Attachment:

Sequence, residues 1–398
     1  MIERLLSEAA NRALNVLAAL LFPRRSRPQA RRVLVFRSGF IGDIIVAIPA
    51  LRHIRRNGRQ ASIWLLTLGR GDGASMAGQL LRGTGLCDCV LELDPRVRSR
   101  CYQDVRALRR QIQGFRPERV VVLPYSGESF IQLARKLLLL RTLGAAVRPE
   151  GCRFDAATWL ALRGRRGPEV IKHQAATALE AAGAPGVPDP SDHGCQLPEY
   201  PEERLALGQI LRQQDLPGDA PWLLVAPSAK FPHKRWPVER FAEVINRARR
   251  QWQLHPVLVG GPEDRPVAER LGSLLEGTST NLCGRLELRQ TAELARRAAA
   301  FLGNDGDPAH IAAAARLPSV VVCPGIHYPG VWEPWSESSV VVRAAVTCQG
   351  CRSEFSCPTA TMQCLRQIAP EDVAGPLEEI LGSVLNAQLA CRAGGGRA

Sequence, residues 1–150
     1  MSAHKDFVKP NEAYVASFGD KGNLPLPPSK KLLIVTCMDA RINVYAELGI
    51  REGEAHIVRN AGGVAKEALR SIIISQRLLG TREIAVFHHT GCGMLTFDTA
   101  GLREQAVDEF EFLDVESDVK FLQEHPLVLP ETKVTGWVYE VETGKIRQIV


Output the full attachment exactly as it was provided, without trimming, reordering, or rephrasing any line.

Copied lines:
Sequence, residues 1–398
     1  MIERLLSEAA NRALNVLAAL LFPRRSRPQA RRVLVFRSGF IGDIIVAIPA
    51  LRHIRRNGRQ ASIWLLTLGR GDGASMAGQL LRGTGLCDCV LELDPRVRSR
   101  CYQDVRALRR QIQGFRPERV VVLPYSGESF IQLARKLLLL RTLGAAVRPE
   151  GCRFDAATWL ALRGRRGPEV IKHQAATALE AAGAPGVPDP SDHGCQLPEY
   201  PEERLALGQI LRQQDLPGDA PWLLVAPSAK FPHKRWPVER FAEVINRARR
   251  QWQLHPVLVG GPEDRPVAER LGSLLEGTST NLCGRLELRQ TAELARRAAA
   301  FLGNDGDPAH IAAAARLPSV VVCPGIHYPG VWEPWSESSV VVRAAVTCQG
   351  CRSEFSCPTA TMQCLRQIAP EDVAGPLEEI LGSVLNAQLA CRAGGGRA

Sequence, residues 1–150
     1  MSAHKDFVKP NEAYVASFGD KGNLPLPPSK KLLIVTCMDA RINVYAELGI
    51  REGEAHIVRN AGGVAKEALR SIIISQRLLG TREIAVFHHT GCGMLTFDTA
   101  GLREQAVDEF EFLDVESDVK FLQEHPLVLP ETKVTGWVYE VETGKIRQIV